Interior Designer: Dyonne Fashina, ARIDO
Design Firm: Denizens of Design
Photographer: Larissa Issler

The new restaurant partner – The Food Dudes – provided a clear mandate – create a space that can easily convert between daytime restaurant service and evening events, and engage a new demographic while keeping the existing patronage happy.

Our goal was to provide the flexibility of multi-purpose with the aesthetic of a fixed-in-place restaurant.

The new design reconnects the space to the Museum’s focus while paying respect to the building’s architectural features. This meaningful concept influenced all aspects of the restaurant from the food and plating, to the branding and name. Clay itself is at the root of every detail, with inspiration taken from its properties and the process of clay making.

The minerals of clay tell the colour story, with rich terracotta hues, stoneware neutrals, and vibrant porcelain whites. Turned wood furniture and organic forms make subtle reference to the artifacts and tooling typically found inside a ceramist’s studio. 

Man serving wine behing a modern looking bar

Perhaps the most compelling addition is the custom bar. The front bar is clad entirely in durable commercial grade porcelain slabs, while the back bar integrates display opportunities to further extend the museum’s shop offerings – both a sales tool and an aesthetic choice. Smart planning decisions were implemented to create an optimal layout for the restaurant that could easily adapt to events. Modularity and compactness were key considerations due to the strict one-hour conversion timeframe. Existing storage was limited so locking storage solutions were integrated into the bar millwork.

Furniture and custom elements were strategically selected for optimization of storage space and efficiency of the teardown process. Folding dividers and mobile planters act to provide privacy and delineation within the space without the permanence of fixed partitions. Soft seating in vibrant hues define the bar/lounge area, while a more muted palette is used in the open dining area.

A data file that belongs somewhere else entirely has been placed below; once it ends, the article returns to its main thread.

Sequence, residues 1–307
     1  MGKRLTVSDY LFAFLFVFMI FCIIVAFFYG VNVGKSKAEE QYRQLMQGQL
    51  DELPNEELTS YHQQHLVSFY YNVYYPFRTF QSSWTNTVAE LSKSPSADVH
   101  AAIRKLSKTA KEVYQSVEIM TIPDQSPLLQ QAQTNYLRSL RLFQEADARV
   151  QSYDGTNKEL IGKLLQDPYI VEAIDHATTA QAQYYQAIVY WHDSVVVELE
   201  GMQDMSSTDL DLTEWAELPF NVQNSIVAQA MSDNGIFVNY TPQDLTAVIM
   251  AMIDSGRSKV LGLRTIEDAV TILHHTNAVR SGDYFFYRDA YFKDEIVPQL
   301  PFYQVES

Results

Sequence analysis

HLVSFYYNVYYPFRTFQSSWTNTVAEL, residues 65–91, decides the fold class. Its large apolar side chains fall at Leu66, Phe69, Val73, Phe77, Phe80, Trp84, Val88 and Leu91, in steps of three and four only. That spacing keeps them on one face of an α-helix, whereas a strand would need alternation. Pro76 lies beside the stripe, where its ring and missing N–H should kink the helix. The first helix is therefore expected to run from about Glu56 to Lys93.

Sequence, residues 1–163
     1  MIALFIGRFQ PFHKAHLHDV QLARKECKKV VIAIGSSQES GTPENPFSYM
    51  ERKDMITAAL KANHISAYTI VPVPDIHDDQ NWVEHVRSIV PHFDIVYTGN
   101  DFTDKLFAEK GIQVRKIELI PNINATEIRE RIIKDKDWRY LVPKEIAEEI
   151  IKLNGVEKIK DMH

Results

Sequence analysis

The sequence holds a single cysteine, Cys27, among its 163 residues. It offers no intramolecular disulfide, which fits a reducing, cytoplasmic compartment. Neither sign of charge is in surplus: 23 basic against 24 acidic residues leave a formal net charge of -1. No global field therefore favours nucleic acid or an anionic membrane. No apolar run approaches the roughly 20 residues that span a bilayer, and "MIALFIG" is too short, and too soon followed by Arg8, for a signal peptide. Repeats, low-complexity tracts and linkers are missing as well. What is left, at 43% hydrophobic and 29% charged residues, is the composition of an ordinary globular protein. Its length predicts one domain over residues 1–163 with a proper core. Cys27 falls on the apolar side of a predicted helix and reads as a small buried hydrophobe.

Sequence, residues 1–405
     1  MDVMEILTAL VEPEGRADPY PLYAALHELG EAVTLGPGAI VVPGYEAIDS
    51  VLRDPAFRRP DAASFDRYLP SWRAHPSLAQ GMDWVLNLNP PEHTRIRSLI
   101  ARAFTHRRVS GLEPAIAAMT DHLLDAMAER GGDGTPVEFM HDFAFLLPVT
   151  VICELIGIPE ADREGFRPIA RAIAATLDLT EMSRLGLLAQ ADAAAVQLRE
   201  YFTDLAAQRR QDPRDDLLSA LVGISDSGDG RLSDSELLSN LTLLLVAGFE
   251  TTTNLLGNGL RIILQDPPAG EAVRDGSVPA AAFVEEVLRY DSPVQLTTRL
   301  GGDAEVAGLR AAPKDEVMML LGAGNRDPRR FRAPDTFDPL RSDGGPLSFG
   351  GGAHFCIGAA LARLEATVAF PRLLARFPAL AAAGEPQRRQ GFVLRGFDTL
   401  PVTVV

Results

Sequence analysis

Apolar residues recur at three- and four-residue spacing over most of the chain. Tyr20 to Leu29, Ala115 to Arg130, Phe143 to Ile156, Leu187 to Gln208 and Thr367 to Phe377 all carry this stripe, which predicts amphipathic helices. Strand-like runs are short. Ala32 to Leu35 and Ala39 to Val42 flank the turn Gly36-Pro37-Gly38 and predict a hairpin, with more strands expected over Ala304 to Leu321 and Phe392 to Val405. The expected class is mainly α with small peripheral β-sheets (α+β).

All chairs stack on dollies, tables are flip-top with nesting legs, and the host and services stations are mobile on casters. These pieces adapt well for use during cocktail parties, lectures, and wedding receptions. It was important to have the functionality of multipurpose furniture, without the mundane aesthetic. The end result is a remarkably versatile space that does not compromise on design.

Village markets serve as inspiration for this modern juice shop

Village Juicery is a Toronto-based producer and distributor of raw, 100% organic cold-pressed juice and related plant-based food and beverage products. With five existing street-front locations throughout the city, Village Juicery has established a customer focused and community-driven reputation, with an emphasis on education supported by registered nutritionists.